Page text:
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Database Abstraction Library

Project description

SQLAlchemy is:

  • The Python SQL toolkit and Object Relational Mapper that gives application developers the full power and flexibility of SQL. SQLAlchemy provides a full suite of well known enterprise-level persistence patterns, designed for efficient and high-performing database access, adapted into a simple and Pythonic domain language.

  • extremely easy to use for all the basic tasks, such as: accessing pooled connections, constructing SQL from Python expressions, finding object instances, and commiting object modifications back to the database.

  • powerful enough for complicated tasks, such as: eager load a graph of objects and their dependencies via joins; map recursive adjacency structures automatically; map objects to not just tables but to any arbitrary join or select statement; combine multiple tables together to load whole sets of otherwise unrelated objects from a single result set; commit entire graphs of object changes in one step.

  • built to conform to what DBAs demand, including the ability to swap out generated SQL with hand-optimized statements, full usage of bind parameters for all literal values, fully transactionalized and consistent updates using Unit of Work.

  • modular. Different parts of SQLAlchemy can be used independently of the rest, including the connection pool, SQL construction, and ORM. SQLAlchemy is constructed in an open style that allows plenty of customization, with an architecture that supports custom datatypes, custom SQL extensions, and ORM plugins which can augment or extend mapping functionality.

SQLAlchemy’s Philosophy:

  • SQL databases behave less and less like object collections the more size and performance start to matter; object collections behave less and less like tables and rows the more abstraction starts to matter. SQLAlchemy aims to accomodate both of these principles.

  • Your classes aren’t tables, and your objects aren’t rows. Databases aren’t just collections of tables; they’re relational algebra engines. You don’t have to select from just tables, you can select from joins, subqueries, and unions. Database and domain concepts should be visibly decoupled from the beginning, allowing both sides to develop to their full potential.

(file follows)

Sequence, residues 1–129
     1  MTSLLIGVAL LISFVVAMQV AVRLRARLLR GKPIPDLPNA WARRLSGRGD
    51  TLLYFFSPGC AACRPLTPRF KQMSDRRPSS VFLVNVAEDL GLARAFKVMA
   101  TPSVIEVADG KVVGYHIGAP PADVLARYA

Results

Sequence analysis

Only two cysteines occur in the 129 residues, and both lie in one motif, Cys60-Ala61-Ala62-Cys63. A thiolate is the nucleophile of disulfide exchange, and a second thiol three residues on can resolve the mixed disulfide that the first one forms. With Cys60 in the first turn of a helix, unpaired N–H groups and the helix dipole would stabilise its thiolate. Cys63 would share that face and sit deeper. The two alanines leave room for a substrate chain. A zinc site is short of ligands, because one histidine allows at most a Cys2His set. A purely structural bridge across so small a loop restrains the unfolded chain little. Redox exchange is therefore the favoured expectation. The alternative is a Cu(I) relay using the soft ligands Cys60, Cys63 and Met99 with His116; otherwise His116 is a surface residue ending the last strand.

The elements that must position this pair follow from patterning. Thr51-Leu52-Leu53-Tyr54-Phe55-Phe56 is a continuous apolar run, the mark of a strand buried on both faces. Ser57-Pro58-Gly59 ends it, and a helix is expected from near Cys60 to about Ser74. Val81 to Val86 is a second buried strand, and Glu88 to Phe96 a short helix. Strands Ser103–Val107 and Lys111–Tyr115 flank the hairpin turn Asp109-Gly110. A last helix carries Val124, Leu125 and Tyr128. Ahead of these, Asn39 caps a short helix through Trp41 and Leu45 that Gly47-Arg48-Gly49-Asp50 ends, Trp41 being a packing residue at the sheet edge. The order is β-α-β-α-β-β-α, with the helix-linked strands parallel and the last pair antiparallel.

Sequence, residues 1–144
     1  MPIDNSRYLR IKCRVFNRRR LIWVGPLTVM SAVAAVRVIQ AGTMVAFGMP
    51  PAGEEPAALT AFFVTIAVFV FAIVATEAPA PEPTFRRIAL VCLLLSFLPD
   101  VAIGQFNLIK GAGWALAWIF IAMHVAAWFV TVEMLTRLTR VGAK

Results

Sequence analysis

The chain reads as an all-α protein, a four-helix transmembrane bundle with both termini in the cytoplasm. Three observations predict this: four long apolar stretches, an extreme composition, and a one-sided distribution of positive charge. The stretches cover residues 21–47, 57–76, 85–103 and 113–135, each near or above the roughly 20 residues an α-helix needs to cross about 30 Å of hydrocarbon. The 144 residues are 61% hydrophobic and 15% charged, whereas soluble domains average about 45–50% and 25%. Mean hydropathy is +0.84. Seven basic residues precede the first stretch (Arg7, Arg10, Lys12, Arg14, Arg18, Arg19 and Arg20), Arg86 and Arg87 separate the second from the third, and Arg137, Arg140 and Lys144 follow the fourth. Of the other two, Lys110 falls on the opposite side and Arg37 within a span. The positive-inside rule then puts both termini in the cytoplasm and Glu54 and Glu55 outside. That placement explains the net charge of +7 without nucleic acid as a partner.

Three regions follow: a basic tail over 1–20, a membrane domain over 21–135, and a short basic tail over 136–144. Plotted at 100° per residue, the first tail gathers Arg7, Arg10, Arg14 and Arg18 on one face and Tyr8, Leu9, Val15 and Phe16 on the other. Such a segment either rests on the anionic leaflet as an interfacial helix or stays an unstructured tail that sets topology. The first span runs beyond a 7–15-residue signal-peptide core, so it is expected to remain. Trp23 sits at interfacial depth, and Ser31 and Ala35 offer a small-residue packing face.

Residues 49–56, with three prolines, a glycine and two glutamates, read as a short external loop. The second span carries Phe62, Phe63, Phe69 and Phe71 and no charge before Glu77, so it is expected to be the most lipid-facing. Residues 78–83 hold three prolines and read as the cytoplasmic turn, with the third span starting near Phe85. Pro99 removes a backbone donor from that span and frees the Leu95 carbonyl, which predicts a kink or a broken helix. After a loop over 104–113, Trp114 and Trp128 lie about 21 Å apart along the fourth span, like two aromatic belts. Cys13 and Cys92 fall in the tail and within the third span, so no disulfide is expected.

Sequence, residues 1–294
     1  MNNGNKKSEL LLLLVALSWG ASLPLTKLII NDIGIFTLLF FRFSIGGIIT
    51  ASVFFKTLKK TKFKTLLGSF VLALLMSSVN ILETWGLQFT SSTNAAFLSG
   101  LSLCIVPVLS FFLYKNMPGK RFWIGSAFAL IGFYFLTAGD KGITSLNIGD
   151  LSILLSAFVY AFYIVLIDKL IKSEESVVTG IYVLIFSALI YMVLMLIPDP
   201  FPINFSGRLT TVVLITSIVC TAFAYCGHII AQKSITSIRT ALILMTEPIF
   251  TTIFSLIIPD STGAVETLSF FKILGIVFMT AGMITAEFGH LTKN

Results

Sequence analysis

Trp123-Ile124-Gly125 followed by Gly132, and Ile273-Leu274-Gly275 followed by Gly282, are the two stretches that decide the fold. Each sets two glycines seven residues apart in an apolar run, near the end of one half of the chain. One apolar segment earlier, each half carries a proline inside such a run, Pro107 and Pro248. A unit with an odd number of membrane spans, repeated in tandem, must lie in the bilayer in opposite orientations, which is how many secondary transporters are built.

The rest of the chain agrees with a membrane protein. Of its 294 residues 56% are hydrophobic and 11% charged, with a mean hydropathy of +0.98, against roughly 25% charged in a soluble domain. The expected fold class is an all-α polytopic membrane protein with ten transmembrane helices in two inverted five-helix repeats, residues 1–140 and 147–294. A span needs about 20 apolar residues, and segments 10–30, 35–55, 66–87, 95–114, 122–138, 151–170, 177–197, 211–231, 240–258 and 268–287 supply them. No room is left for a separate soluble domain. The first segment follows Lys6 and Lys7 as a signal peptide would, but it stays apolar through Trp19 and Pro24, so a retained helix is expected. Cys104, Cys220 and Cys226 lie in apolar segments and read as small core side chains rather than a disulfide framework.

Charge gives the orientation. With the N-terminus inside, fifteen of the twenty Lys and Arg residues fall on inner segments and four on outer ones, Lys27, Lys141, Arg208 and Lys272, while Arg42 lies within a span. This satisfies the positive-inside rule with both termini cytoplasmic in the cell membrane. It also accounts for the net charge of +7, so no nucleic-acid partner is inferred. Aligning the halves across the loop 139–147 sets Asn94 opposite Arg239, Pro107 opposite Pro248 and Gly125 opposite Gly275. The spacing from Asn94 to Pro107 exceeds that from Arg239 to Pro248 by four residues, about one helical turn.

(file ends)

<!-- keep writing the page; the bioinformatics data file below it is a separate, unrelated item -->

• For example, table metadata (objects that describe tables) are declared distinctly from the classes theyre designed to store. That way database relationship concepts don’t interfere with your object design concepts, and vice-versa; the transition from table-mapping to selectable-mapping is seamless; a class can be mapped against the database in more than one way. SQLAlchemy provides a powerful mapping layer that can work as automatically or as manually as you choose, determining relationships based on foreign keys or letting you define the join conditions explicitly, to bridge the gap between database and domain.

SQLAlchemy’s Advantages:

  • The Unit Of Work system organizes pending CRUD operations into queues and commits them all in one batch. It then performs a topological “dependency sort” of all items to be committed and deleted and groups redundant statements together. This produces the maxiumum efficiency and transaction safety, and minimizes chances of deadlocks. Modeled after Fowler’s “Unit of Work” pattern as well as Java Hibernate.

  • Function-based query construction allows boolean expressions, operators, functions, table aliases, selectable subqueries, create/update/insert/delete queries, correlated updates, correlated EXISTS clauses, UNION clauses, inner and outer joins, bind parameters, free mixing of literal text within expressions, as little or as much as desired. Query-compilation is vendor-specific; the same query object can be compiled into any number of resulting SQL strings depending on its compilation algorithm.

  • Database mapping and class design are totally separate. Persisted objects have no subclassing requirement (other than ‘object’) and are POPO’s : plain old Python objects. They retain serializability (pickling) for usage in various caching systems and session objects. SQLAlchemy “decorates” classes with non-intrusive property accessors to automatically log object creates and modifications with the UnitOfWork engine, to lazyload related data, as well as to track attribute change histories.

  • Custom list classes can be used with eagerly or lazily loaded child object lists, allowing rich relationships to be created on the fly as SQLAlchemy appends child objects to an object attribute.

  • Composite (multiple-column) primary keys are supported, as are “association” objects that represent the middle of a “many-to-many” relationship.

  • Self-referential tables and mappers are supported. Adjacency list structures can be created, saved, and deleted with proper cascading, with no extra programming.

  • Data mapping can be used in a row-based manner. Any bizarre hyper-optimized query that you or your DBA can cook up, you can run in SQLAlchemy, and as long as it returns the expected columns within a rowset, you can get your objects from it. For a rowset that contains more than one kind of object per row, multiple mappers can be chained together to return multiple object instance lists from a single database round trip.

  • The type system allows pre- and post- processing of data, both at the bind parameter and the result set level. User-defined types can be freely mixed with built-in types. Generic types as well as SQL-specific types are available.

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